By: Libby Foster, 2018-2019 Girl Up Teen Advisor
Behind each successful woman is an equally successful #girlhero. I was lucky enough to find my own sitting across from me in a poorly lit sixth grade science classroom. Her name was Shivani Nellore, and she is my best friend, Girl Up Club Co-President, and STEM #girlhero.
Throughout our shared childhoods, Shivani excelled in the face of gender-based discrimination during math and science competitions. Often, she would be one of the few girls competing at the the state or national level for her STEM-based subject, and this would cause her male competitors to be even more aggressive towards her. Nothing stops Shivani, though. In eighth grade, as I took the podium for Social Studies State Champion, she took the title for Mathematics. Each boy so contentiously confident in their intellectual superiority earlier that day fell silent.
Today, Shivani uses the determination she found early to create positive impact. Over the past two summers, she has worked tirelessly with a research team at the National Institute of Health exploring the role a protein has in promoting cancer. Upon receiving the Emperor Science Award for her incredible research, she donated all of the prize money to Girl Up’s School Cycle Initiative. Shivani is as benevolent as she is powerful, as soft-spoken as she is profound, and as humble as she is accomplished. She has truly been my inspiration and my STEM #girlhero.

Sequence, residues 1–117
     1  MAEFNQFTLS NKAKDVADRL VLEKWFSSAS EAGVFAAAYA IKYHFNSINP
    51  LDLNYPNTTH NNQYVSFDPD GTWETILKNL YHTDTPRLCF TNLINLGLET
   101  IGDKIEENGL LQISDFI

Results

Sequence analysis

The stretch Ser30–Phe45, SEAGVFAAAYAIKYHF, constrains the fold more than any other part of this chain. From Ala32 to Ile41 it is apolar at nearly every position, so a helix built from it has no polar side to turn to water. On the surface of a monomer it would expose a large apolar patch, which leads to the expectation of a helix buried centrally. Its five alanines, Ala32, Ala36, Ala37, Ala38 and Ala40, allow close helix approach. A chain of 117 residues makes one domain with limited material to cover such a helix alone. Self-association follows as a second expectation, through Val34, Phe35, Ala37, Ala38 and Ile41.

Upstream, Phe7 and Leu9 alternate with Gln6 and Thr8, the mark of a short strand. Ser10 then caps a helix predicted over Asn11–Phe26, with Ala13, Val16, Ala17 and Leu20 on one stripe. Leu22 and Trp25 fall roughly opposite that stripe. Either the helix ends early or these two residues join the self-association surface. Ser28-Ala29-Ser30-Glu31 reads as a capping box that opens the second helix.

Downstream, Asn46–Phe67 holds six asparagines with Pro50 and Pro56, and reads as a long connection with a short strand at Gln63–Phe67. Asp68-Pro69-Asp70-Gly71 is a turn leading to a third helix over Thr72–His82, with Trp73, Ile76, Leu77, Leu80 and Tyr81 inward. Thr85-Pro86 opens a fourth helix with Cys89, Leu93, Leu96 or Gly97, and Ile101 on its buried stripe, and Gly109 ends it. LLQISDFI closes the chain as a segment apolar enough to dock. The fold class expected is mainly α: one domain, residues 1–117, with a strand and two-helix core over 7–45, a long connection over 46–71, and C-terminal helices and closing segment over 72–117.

Girls like Shivani and I should enter STEM fields in order to provide a much-needed perspective. To date, women only hold 24 percent of STEM jobs in the United States, according to the Economics and Statistics Administration. This discrepancy in representation leads to a discrepancy in input. Without the voices of women, STEM-based innovation will never be as truly inclusive or groundbreaking. In addition, girls will use their knowledge of STEM to create social change. The “Her Gen Z World Report” from Girl Up found that 70% of girls worldwide believe that their lives need to make a positive difference, and this can be achieved through STEM. With a new generation of female engineers, doctors, biologists, physicists, and mathematicians, the possibilities for progressive impact would be endless.
To me, STEM opens the door to change the world and have job security while doing it. It is our time to be strong in the face of obstacles and find knowledge capable of creating social good.
To become someone else’s sixth grade, junior year, or 35-year-old STEM #girlhero, visit www.GirlUp.org/STEM